Today, India announced its Intended Nationally Determined Contribution (INDC) - a long-term commitment to curb its greenhouse gas (GHG) emissions under the United Nations Framework Convention on Climate Change (UNFCCC).
My colleague Anjali Jaiswal provides an excellent overview of India's INDC here. It is important to contextualize the enormity of India's task given that about 350 million people in India do not have access to electricity and about an equal number subsist on less than $40 per month. Clearly, India's priority is to significantly reduce financial and energy poverty, while causing the least possible harm to the environment. Here's a closer look at two of India's key INDC targets that aim to walk the tightrope between development and sustainability.
Emissions intensity reduction of 33-35% by 2030 based on 2005 levels
Emissions intensity refers to amount of GHG emissions required to produce a unit of economic output. The 30-35% intensity reduction target, which is in line with India's Copenhagen pledge of 20-25% reduction by 2020, means while India's GDP is projected to increase by 5 to 7 times, absolute carbon emissions will increase by only 3 times by 2030 over 2005 levels.
Another way to look at this target is in terms of per capita emissions. By 2030, India will be the most populous country in the world. Between 2005 and 2030 India would have added the entire current population of European Union, and will have about 1.5 billion inhabitants. Given the climate commitments of other major economies, India in 2030 is projected to contribute about a tenth of global carbon emissions while being home to approximately a fifth of the global population. Despite being a large absolute emitter of CO2, India is one of the most frugal countries in the world on per capita carbon emission and with the intensity reduction targets, will continue to be so.
40% non-fossil fuel share of electricity by 2030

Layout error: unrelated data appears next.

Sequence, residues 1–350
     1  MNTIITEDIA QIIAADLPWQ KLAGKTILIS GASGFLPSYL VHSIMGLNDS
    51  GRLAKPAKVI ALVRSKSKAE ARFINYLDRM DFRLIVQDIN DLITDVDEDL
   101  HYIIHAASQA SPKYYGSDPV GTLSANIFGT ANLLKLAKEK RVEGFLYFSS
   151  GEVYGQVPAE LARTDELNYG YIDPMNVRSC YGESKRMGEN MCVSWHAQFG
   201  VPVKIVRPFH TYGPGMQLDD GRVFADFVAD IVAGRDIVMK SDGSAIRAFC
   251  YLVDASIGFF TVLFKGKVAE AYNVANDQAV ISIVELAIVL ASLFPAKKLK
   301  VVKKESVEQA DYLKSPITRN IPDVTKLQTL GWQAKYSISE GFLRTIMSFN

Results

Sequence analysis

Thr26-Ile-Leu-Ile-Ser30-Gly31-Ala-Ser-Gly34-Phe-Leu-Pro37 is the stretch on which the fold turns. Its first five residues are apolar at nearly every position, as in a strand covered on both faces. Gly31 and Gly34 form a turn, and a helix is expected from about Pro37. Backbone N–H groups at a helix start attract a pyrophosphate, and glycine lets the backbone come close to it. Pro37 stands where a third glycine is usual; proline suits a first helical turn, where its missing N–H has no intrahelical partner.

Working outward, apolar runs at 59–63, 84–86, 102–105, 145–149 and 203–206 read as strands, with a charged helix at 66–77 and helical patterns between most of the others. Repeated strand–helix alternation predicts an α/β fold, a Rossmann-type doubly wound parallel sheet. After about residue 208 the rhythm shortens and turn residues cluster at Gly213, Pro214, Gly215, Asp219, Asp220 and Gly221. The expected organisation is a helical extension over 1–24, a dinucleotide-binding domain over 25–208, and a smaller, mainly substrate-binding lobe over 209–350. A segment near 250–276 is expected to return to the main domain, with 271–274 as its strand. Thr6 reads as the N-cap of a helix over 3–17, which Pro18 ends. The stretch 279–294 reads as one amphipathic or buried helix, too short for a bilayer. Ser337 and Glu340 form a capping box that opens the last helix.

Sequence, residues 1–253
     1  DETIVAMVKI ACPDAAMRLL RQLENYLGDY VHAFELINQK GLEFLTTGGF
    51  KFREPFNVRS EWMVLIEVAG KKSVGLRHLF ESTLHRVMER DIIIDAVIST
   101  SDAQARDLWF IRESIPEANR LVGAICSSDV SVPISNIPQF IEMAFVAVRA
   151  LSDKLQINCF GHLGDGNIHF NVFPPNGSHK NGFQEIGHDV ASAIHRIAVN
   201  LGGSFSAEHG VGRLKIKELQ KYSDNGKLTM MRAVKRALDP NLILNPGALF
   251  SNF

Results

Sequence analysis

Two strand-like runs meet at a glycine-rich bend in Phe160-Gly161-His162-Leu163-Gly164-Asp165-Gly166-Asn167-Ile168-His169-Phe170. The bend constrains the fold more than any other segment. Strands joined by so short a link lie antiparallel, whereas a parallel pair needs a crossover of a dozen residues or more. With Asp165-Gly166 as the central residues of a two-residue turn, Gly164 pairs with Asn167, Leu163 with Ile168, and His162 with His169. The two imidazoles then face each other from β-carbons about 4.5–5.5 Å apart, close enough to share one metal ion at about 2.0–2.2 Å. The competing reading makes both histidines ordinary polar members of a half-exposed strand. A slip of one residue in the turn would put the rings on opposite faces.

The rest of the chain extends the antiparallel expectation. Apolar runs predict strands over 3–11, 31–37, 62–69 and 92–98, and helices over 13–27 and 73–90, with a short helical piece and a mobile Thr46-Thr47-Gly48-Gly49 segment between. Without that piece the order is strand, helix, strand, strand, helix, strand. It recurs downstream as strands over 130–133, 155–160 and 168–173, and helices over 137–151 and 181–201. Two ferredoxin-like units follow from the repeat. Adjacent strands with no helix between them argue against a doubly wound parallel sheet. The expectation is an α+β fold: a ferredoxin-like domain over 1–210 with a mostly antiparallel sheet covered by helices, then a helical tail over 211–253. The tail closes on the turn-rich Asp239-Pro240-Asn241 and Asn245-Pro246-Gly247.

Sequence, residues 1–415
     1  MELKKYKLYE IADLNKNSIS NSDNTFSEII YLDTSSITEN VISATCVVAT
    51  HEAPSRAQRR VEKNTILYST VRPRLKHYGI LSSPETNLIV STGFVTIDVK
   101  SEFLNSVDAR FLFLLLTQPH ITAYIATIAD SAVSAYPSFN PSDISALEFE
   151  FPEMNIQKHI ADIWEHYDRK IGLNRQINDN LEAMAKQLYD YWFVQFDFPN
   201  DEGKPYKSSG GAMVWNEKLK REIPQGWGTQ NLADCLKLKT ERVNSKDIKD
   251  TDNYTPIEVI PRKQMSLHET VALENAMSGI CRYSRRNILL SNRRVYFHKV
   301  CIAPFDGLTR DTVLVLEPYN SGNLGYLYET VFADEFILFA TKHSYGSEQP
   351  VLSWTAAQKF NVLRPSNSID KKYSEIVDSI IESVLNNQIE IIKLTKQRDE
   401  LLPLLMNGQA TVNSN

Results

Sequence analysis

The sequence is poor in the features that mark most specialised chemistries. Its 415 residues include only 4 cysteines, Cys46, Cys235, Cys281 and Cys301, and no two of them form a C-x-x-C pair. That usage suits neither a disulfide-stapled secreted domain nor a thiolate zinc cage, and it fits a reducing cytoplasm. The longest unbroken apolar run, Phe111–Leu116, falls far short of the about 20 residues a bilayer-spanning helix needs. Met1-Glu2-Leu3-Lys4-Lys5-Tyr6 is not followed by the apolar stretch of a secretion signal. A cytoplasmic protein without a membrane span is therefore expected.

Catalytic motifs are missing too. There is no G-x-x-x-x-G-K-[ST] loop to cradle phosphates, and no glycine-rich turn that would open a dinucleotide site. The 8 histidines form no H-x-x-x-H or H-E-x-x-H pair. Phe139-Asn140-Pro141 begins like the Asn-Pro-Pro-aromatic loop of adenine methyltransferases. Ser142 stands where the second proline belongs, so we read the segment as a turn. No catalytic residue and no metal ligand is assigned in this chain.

Renewable energy serves as the cornerstone for India's emissions reduction strategy. The INDC calls for increasing the share of non-fossil fuel energy in the total installed capacity to 40% by 2030. Currently, this share is about 30%. Given that India has a huge pipeline of thermal power capacity addition, non-coal based power has to grow faster than coal-based power in order to achieve an increased share of the pie. However, the INDC clubs large hydro and nuclear as a part of non-fossil fuel energy sources. It is important that most of the increased share comes from safe and ecologically sustainable renewable energy sources such as solar, wind, small hydro and waste to energy technologies.
Earlier this year, India expanded its National Solar Mission (NSM) to aim for a target of 100 GW in installed solar energy capacity by 2022, which is five times its previous target of 20 GW. Additionally, India is planning to reach a total of 60 GW of wind energy capacity by 2022. India's planned wind and solar capacity far exceeds what the International Energy Agency (IEA) projected it should achieve by 2020 and 2030 to contribute towards the goal of keeping temperatures below 2 degrees Celsius.
Comparisons of India's climate commitments will inevitably be made with commitments from other major economies. NRDC has been tracking all INDCs as they have come in, and a summary is available here. India has made a firm commitment to fight climate change despite the huge developmental challenges it faces.
October 2nd is the birth date of Mahatma Gandhi. Most people who grew up in India reading NCERT textbooks, would recall Gandhiji's Talisman on the first page: 'Before you do anything, stop and recall the face of the poorest, most helpless, destitute person you have seen and ask yourself, is what I am about to do going to help him?' India is home to the perhaps the largest number of people vulnerable to the hazardous impacts of climate change. To safeguard their lives and wellbeing, and to truly honor the words of the Mahatma, India should endeavor to deliver well beyond these targets.
* The emissions chart in this graph has been updated to include a Reference Scenario, based upon the Government of India Planning Commissions CO2 projections for a Baseline, Inclusive Growth scenario, and the non-CO2 projections from the US Environmental Protection Agency. Emissions totals for the INDC pledge were calculated using World Bank 2005 GDP and OECD GDP growth projections of 5.8 percent.